Abortion the solution
Where it was admitted that abortion might have a role to play – in the “elimination of illegal abortions,” it was depicted as being totally unrelated to the issue of population control. The solution to this separate and unrelated problem was, in the words of one representative, “to provide all women in the world with access to legal and safe abortions” – despite the proven fact that when abortion is made legal in a country the numbers increase dramatically and deaths rise cumulatively.
The continued attempts to confuse the delegates into thinking that all the reams of documents circulating before and during the Conference amounted to a thoroughly scientific and irrefutable conclusion – that family planning/population control was essential – began to have reactionary effect on many Third World representatives who felt that this was the worst and most blatant form of colonialism.
Also off-putting for (generally) Western-educated Third World delegates were attempts to depict population control as the solution to such varied international problems as:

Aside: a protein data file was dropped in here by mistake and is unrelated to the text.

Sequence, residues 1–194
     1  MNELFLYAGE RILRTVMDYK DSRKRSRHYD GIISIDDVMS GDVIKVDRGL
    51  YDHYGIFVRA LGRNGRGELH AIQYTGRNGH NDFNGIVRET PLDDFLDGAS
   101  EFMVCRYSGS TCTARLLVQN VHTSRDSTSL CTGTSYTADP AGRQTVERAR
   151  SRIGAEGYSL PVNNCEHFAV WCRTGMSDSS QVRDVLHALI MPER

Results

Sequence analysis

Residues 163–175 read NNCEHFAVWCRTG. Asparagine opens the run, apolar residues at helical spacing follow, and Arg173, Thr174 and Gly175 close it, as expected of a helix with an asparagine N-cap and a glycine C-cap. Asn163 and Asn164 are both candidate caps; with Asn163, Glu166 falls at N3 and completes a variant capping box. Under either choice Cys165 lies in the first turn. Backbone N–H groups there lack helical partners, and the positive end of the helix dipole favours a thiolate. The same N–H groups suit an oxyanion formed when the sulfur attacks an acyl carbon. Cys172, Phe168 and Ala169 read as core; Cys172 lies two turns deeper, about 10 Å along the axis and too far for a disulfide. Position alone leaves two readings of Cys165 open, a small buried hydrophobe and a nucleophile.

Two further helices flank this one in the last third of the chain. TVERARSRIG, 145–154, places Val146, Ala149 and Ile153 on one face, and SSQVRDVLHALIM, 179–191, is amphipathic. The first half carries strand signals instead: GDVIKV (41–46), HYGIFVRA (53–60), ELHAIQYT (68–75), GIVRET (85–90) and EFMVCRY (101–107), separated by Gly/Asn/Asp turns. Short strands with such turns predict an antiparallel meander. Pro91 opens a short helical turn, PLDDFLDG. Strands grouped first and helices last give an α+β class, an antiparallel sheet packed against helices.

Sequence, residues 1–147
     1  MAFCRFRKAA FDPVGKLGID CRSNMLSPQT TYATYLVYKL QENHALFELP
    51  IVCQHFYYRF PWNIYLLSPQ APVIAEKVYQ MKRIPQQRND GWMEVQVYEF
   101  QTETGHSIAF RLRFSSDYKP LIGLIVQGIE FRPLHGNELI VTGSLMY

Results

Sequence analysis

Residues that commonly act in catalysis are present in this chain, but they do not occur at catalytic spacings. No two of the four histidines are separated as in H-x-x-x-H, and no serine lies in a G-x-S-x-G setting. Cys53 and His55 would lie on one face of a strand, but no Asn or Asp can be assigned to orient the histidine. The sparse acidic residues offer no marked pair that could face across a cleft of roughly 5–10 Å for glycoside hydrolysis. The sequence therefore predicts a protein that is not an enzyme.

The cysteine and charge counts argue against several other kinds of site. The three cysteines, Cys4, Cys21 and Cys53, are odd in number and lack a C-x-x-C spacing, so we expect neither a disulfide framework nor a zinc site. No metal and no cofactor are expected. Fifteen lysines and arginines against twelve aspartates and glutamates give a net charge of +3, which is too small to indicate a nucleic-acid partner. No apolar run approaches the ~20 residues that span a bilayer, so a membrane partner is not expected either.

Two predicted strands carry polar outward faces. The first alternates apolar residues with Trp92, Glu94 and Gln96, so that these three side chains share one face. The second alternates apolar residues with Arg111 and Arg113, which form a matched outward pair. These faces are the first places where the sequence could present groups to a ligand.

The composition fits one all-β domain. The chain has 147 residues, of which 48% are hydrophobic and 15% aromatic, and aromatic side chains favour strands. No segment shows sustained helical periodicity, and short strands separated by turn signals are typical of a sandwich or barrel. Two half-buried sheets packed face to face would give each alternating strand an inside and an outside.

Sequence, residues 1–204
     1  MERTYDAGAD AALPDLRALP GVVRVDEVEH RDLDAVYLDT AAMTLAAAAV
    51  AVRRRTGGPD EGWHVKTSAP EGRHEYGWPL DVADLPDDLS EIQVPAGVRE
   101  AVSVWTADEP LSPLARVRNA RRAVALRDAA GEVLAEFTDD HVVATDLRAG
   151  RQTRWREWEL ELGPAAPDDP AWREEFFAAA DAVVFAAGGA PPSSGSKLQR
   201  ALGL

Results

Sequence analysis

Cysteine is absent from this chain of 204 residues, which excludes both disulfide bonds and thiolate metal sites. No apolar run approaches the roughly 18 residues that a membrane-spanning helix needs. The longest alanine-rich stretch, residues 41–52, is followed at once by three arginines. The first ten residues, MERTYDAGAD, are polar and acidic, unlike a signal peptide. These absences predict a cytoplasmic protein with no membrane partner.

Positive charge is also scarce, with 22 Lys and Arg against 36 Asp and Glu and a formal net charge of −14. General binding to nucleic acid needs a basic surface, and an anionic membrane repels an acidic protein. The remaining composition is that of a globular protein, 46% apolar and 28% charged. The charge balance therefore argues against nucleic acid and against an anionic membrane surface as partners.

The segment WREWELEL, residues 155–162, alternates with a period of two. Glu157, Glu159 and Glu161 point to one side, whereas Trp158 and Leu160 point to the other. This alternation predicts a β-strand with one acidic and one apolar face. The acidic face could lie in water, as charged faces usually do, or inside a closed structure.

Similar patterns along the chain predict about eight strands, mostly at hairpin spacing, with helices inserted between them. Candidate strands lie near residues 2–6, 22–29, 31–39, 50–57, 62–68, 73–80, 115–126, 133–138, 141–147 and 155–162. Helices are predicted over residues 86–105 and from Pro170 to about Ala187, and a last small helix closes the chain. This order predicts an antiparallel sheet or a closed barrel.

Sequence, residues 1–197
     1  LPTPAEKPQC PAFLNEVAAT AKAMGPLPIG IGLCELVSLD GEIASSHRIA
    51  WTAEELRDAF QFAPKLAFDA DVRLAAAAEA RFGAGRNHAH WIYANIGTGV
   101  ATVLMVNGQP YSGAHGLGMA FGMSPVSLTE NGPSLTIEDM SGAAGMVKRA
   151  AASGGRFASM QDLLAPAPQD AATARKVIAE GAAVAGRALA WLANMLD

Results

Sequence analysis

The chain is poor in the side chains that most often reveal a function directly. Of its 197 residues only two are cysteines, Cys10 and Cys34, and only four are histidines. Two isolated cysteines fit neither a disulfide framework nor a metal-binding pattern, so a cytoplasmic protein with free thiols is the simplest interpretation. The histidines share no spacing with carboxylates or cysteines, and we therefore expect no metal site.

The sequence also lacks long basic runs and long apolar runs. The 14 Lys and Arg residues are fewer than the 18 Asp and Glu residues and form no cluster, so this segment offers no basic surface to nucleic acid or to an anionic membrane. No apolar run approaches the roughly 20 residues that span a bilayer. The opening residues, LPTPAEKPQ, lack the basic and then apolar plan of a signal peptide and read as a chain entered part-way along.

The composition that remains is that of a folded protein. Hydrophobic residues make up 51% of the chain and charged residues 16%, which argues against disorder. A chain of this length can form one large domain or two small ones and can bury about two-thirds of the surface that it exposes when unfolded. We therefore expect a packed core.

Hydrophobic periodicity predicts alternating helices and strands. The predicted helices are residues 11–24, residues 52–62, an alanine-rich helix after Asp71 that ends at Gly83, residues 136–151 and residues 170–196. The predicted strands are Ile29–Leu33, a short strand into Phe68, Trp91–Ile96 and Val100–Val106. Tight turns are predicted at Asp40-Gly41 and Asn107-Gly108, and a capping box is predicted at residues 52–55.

-reduction in living standards -when many of the most highly developed countries in the world are the most densely populated;
-depletion of resources -when huge areas of many developing countries have hardly had their surfaces scratched;
-women‘s rights -when abortion and other features of population control programs have proved disastrous for the health and status of women;
-under-development -when countries like Zaire states that “our problem is not one of over-population.” It insists that “first we must develop,” and that from a present population of 30 millions “we could easily grow to and accommodate 120 million or more;